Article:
In recent years there has been a stepped up effort to highlight Hispanic heritage on the city’s lower West Side. Via street parades, festivals, placemaking initiatives, waymarking, and public art, these efforts have helped to shine a light on a culture that is thriving along Niagara Street, aka Avenida San Juan.
As a way to elevate these cultural successes, the community is rallying around a stoic effort to build the Hispanic Heritage Cultural Institute of WNY. The project, unveiled in 2019, is now on track for 2024 completion date, thanks to $3.8 million in legislative funding. The significant boost in funding was announced by Project Chairman Casimiro Rodriguez, along with Assemblymember Jon D. Rivera, NYS Assembly Speaker Carl Heastie, Assemblywoman Maritza Davila (District 53), and several other elected officials.
New data from the 2020 United States Census shows that Hispanics accounted for about half of the country’s growth over the past decade, up by about 23 percent, and that about 98 percent of Americans live in a county with an increasing number of Hispanics.
Once constructed, the 33,000 square foot cultural center – located at the corner of Niagara and Hudson streets – will feature three floors will feature a museum, art gallery, café, gift shop, performing arts theater, activities space, broadcast media center, as well as learning labs and administrative spaces. The third floor will be dedicated for rental use by the community. As a united front, the building will serve as an inspirational center dedicated to a wide array of programming and education services.
As for the funding, over $1 million was raised before the pandemic struck. Since that time, there has been a lag in financial support, although the tide is now quickly turning. The news of this significant $3.8 million allotment signals that the Institute is now halfway towards reaching its $10 million goal.
Despite the pandemic putting a temporary damper on fundraising efforts, work on the project has been ongoing. By conducting environmental studies during the “down time” (among other planning initiatives), the team is now able to embark upon a net-zero energy efficiency analysis.
“When completed, the Hispanic Heritage Cultural Institute will be the first of its kind in Upstate New York,” said Casimiro D. Rodriguez, Project Chairman for the Hispanic Heritage Cultural Institute. “It will educate our children about our past, help us to remember our cultural diversity and develop mutual respect and renewed dialogue amongst different cultures. This institute will represent our history, our identity, and our bond to the past, present, and future. On behalf of the Hispanic community of Western New York, we would like to thank the leaders of the New York State Legislature and in particular the Speaker of the Assembly, Carl E. Heastie, the Puerto Rican & Hispanic Task Force under the leadership of its Chairwoman Maritza Davila, and our very own local State Assemblyman, Jon Rivera.”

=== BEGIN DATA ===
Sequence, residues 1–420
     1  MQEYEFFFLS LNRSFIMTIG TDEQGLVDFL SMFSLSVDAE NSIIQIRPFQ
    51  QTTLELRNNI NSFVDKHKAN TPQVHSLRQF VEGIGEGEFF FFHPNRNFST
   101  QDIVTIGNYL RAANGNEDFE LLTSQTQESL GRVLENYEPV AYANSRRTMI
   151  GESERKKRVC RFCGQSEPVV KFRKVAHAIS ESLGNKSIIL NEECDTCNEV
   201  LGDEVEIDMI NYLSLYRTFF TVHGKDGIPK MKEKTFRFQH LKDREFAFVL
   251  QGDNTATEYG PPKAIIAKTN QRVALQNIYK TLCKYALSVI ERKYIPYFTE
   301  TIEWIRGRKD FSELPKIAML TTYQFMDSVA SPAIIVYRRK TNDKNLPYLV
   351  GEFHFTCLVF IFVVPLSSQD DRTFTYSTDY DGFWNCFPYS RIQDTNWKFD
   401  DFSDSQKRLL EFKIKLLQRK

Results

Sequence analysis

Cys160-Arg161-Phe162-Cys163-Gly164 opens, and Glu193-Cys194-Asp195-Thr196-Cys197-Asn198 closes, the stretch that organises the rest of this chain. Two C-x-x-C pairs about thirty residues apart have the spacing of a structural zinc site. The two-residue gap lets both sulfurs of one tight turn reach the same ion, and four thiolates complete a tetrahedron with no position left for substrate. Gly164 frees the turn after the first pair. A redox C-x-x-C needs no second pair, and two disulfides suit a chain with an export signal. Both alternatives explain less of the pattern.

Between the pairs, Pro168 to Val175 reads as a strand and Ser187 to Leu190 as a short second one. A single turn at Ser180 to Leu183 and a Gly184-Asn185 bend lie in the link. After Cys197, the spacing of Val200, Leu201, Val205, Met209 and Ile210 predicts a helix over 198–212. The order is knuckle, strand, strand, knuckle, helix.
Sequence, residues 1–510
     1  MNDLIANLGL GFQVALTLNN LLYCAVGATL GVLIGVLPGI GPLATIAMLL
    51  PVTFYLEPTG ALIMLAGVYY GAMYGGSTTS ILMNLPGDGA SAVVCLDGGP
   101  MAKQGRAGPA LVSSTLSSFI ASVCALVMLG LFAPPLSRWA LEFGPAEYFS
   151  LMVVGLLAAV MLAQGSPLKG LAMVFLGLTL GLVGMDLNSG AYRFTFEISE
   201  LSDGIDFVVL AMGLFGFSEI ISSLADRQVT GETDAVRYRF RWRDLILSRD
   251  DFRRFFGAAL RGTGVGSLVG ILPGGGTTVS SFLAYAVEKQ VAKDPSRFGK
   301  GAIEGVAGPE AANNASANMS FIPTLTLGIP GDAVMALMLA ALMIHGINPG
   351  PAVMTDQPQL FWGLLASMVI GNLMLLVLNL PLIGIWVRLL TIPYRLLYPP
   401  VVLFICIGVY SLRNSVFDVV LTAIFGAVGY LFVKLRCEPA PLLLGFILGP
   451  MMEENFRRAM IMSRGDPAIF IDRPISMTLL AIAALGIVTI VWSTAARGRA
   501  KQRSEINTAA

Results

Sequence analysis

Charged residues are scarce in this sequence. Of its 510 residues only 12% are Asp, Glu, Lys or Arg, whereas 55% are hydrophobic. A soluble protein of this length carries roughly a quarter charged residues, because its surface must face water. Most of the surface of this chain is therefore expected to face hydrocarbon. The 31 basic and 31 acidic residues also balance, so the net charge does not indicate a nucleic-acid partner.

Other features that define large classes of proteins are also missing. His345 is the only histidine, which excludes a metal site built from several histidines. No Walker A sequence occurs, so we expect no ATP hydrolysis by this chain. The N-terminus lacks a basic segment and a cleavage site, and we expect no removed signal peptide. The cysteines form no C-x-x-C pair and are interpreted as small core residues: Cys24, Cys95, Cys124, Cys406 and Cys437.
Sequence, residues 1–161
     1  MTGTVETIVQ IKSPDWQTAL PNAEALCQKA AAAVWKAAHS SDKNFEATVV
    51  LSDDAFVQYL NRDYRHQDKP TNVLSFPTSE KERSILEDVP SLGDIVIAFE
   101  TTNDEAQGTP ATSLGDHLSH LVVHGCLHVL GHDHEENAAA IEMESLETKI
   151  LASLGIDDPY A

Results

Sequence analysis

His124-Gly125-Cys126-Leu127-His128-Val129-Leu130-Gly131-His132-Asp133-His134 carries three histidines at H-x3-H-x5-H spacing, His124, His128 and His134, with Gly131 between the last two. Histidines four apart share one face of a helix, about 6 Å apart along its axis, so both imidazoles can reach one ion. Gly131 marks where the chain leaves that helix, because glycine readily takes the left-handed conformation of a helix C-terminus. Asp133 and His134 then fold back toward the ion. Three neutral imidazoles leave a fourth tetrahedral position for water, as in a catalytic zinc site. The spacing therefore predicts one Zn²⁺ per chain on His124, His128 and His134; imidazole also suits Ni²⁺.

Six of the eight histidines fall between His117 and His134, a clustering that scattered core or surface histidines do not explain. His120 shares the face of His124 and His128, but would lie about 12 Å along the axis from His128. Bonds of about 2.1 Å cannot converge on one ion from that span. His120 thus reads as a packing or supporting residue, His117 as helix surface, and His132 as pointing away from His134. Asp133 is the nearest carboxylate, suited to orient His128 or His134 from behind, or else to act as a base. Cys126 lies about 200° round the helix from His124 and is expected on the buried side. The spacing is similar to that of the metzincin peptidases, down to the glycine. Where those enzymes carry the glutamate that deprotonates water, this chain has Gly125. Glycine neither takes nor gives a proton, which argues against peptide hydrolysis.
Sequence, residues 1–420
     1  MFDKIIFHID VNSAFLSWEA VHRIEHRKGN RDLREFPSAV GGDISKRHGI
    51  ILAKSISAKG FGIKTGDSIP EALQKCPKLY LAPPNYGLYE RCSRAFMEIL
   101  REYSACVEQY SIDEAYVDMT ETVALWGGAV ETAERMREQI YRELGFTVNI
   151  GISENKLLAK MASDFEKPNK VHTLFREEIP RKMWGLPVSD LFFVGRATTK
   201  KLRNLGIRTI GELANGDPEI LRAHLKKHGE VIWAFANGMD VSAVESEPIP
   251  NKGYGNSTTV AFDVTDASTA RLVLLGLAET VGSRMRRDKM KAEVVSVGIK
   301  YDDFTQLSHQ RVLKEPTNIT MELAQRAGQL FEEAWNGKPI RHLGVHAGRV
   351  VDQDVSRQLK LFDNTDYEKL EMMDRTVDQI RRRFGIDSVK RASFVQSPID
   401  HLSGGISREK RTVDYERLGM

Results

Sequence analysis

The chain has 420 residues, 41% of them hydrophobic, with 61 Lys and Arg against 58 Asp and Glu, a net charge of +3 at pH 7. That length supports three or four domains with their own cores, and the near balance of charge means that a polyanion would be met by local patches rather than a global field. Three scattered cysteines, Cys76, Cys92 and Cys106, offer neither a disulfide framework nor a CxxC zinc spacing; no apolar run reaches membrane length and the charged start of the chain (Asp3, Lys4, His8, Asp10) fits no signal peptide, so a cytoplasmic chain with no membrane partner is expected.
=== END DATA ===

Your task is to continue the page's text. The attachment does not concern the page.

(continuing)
“This project and all those involved in bringing it to fruition have represented many of the same qualities that embody Hispanic culture — resiliency, faith and determination,” concurred Assemblymember Jon D. Rivera. “The Hispanic heritage is rich with stories of those who came to the United States seeking a life filled with opportunity and promise, and Western New York quickly became the place they called home. When this project is complete, the region will for the first time have a dedicated space to collect and to share those stories, and to preserve Hispanic culture for future generations of Western New Yorkers.”
The center is set to break ground in 2023, and open in 2024.